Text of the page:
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CMSI 284 Computer System Organization/Systems Programming, Spring 2019

Assignment 0326

Time to try your hand at some rudimentary C programming. This set has a touch of music theory just to keep things a little interesting.

Background Reading

Pretty much all of the information you need can be found in Dr. Toal’s Introduction to C page, as well as many other C programming sites on the web.

For Submission: Oh Say Can You C

Write the requested C programs.

chord.c

Write a C program, chord.c, that takes a command line argument which is the uppercase name of a piano key, and writes to standard output the major, minor, dominant 7th, and diminished 7th chords for that key. For simplicity, constrain note names exclusively to sharps.

Sample program invocation and output:

$ ./chord F#
F#: F# A# C#
F#m: F# A C#
F#7: F# A# C# E
F#dim7: F# A C D#

If the wrong number of command line arguments is supplied, the program should respond as follows:

$ ./chord
This program requires exactly one command line argument.

Or:

$ ./chord A B C D E
This program requires exactly one command line argument.

If a non-existent or invalid piano key is provided, the program should respond as follows:

$ ./chord bazinga
No such key: bazinga

Or:

$ ./chord f#
No such key: f#

As with previous assignments, the grading of this assignment will be semi-automated, so it is very important that you adhere strictly to the specified output messages and format.

interval.c

Write a C program, interval.c, that takes two command line arguments which are the names of two uppercase piano keys, assumes that the second key is higher than the first key, and writes to standard output the interval between those two keys. The intervals are defined as follows:

Keys Apart Interval Name
1 minor second
2 major second
3 minor third
4 major third
5 perfect fourth
6 tritone
7 perfect fifth
8 minor sixth
9 major sixth
10 minor seventh
11 major seventh
12 perfect octave

For simplicity, constrain note names exclusively to sharps. If the same key is given for both arguments, the output should be perfect octave because the second key is always assumed to be above the first one.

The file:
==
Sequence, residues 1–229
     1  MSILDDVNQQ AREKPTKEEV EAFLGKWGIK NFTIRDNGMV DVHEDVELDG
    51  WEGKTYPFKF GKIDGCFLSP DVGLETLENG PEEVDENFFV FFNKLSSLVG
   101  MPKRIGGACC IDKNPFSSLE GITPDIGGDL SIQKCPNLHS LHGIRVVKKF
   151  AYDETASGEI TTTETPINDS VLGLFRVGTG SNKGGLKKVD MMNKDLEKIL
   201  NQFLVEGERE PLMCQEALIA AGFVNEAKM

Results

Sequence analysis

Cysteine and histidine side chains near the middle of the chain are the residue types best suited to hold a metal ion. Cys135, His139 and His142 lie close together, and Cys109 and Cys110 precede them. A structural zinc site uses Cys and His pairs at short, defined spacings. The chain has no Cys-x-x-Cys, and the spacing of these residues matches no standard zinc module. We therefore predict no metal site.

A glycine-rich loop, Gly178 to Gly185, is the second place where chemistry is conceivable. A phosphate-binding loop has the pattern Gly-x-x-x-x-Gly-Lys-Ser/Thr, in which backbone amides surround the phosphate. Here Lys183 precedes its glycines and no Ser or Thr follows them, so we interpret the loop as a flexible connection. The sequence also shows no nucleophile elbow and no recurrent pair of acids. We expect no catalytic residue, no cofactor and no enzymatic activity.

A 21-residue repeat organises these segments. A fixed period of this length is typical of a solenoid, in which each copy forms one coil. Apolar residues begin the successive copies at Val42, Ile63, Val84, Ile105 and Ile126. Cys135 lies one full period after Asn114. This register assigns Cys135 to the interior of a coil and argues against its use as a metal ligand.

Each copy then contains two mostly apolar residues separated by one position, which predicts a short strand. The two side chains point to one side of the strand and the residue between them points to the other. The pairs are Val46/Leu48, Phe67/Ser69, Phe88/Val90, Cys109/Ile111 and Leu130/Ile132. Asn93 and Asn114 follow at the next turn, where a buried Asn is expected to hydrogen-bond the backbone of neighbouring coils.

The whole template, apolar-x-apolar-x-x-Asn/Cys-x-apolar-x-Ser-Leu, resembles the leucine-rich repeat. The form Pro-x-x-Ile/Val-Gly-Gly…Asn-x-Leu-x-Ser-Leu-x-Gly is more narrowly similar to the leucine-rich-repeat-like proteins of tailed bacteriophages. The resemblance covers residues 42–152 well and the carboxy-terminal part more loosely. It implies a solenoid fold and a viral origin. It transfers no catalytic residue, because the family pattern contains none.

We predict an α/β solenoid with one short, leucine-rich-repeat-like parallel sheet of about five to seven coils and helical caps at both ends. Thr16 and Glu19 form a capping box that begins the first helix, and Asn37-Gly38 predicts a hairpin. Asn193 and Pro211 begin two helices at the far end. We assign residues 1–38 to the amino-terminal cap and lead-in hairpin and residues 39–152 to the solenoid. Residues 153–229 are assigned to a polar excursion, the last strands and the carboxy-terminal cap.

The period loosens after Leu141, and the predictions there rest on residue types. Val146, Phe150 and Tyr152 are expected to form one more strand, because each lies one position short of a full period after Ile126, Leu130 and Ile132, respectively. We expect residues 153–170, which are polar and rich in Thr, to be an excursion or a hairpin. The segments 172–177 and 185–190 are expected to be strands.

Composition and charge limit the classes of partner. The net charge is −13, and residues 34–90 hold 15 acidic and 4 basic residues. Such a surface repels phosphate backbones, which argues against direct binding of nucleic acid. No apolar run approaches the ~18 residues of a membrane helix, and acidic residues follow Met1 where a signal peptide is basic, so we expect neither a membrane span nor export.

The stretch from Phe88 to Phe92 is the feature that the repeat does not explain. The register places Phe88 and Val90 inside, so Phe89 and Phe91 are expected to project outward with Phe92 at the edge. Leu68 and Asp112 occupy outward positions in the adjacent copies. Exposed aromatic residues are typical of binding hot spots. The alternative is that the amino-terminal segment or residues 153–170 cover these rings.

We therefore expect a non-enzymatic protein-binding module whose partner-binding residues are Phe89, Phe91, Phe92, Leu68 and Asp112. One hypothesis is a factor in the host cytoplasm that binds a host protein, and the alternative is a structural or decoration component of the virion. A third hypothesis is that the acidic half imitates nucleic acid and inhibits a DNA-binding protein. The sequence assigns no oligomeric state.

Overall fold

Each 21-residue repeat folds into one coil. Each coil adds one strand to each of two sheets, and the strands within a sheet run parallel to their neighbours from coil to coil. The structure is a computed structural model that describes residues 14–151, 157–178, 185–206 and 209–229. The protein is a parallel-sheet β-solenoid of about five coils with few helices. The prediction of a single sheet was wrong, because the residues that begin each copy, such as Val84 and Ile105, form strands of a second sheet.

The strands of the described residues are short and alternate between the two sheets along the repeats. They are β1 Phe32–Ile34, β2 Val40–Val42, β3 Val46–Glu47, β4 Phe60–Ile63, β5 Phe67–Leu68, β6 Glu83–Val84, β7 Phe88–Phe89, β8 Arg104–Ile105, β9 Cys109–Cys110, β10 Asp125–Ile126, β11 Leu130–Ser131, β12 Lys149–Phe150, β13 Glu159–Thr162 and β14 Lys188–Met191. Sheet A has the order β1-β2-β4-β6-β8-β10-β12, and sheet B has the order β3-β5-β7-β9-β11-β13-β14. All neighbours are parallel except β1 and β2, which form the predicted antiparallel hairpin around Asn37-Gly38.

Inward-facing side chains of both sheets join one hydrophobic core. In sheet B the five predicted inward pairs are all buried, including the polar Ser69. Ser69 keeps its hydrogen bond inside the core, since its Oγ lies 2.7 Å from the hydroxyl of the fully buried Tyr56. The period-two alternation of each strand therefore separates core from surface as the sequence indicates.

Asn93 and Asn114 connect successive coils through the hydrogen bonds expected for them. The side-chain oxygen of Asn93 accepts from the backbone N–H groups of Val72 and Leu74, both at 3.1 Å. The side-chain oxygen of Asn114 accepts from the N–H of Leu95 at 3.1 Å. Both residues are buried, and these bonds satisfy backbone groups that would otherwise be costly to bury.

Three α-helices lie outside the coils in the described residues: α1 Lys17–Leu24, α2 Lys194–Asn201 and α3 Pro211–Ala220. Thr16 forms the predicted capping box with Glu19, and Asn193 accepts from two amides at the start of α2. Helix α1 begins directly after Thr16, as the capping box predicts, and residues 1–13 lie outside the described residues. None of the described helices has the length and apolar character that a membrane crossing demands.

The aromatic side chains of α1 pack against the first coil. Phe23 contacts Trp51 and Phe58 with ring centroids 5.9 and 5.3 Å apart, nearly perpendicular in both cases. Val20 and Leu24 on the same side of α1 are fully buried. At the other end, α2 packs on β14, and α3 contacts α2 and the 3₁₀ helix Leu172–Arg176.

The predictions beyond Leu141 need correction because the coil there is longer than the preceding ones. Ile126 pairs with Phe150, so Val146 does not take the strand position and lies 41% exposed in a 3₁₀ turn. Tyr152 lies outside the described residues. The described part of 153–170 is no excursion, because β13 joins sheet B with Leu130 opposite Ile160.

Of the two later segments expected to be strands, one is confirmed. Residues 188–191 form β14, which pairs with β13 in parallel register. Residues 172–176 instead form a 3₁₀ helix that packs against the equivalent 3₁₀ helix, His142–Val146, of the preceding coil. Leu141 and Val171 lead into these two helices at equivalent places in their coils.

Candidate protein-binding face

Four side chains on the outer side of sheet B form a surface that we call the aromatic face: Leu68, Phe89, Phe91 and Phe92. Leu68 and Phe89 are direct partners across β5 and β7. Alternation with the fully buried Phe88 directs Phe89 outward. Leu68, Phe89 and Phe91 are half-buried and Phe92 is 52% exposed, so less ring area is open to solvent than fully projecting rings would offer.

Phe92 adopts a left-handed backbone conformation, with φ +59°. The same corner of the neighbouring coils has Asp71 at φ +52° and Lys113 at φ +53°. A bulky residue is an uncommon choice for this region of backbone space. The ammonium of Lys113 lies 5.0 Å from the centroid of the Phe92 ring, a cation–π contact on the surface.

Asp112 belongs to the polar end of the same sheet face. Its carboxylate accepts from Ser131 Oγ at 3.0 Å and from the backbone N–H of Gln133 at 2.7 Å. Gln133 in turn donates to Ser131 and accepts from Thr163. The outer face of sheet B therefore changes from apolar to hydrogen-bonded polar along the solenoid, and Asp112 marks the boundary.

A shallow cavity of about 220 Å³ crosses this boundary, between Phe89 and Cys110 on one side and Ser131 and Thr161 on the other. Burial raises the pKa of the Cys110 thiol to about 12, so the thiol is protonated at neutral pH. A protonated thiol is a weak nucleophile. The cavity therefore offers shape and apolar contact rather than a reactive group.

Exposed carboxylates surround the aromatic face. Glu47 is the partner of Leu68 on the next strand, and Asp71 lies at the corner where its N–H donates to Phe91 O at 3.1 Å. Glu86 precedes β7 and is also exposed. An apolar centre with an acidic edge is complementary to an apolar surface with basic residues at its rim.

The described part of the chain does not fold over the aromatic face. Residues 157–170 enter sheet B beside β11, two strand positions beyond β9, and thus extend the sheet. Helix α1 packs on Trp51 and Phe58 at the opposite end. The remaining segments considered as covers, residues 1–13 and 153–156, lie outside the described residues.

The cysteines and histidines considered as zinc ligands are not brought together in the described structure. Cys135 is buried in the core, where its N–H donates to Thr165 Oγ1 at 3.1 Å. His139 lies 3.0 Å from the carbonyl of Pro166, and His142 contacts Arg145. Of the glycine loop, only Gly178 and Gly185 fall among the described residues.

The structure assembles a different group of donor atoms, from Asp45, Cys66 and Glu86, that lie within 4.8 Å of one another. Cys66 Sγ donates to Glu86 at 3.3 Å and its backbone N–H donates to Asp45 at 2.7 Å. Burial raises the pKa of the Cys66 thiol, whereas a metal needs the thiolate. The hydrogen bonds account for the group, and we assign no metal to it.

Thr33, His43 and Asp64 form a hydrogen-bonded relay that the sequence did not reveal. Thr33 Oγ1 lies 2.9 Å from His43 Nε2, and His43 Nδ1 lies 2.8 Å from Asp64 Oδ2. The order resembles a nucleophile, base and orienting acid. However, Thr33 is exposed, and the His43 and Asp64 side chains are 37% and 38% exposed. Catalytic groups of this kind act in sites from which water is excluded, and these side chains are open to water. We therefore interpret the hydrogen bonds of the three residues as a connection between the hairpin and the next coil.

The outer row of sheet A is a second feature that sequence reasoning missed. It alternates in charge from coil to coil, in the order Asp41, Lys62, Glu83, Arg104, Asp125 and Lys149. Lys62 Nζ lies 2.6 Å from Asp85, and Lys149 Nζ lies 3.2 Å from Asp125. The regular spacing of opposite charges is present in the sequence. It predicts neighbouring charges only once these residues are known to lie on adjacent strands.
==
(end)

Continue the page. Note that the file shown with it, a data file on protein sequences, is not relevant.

Sample program invocation and output:

$ ./interval F# C
F# to C is a tritone.

If the wrong number of command line arguments is supplied, the program should respond as follows:

$ ./interval
This program requires exactly two command line arguments.

Or:

$ ./interval A C D
This program requires exactly two command line arguments.

If a non-existent or invalid piano key is provided, the program should respond as follows:

$ ./interval bazinga B
No such key: bazinga

Or:

$ ./interval D a
No such key: a

The moment one invalid piano key is discovered, the program need not go further:

$ ./interval f# Bar
No such key: f#

As with previous assignments, the grading of this assignment will be semi-automated, so it is very important that you adhere strictly to the specified output messages and format.

How to Turn it In

Commit your source code (and just the source code)—chord.c and interval.c—to this repository.

Specific Point Allocations

This assignment is scored according to outcomes 2a, 2b, and 4a to 4f in the syllabus. For this particular assignment, graded categories are as follows:

Category Points Outcomes
chord.c 50 points total
• Compiles and runs without unexpected errors 10 points 4a, 4d
• Correct program output 25 points 2a, 2b, 4a, 4d
• Correct handling of invalid user input 15 points 2a, 2b, 4a, 4d
interval.c 50 points total
• Compiles and runs without unexpected errors 10 points 4a, 4d
• Correct program output 25 points 2a, 2b, 4a, 4d
• Correct handling of invalid user input 15 points 2a, 2b, 4a, 4d
Hard-to-maintain or error-prone code deduction only 4b
Hard-to-read code deduction only 4c
Version control deduction only 4e
Punctuality deduction only 4f
Total 100

Note that inability to compile and run to begin with will negatively affect the correctness of program output and proper handling of invalid user input.

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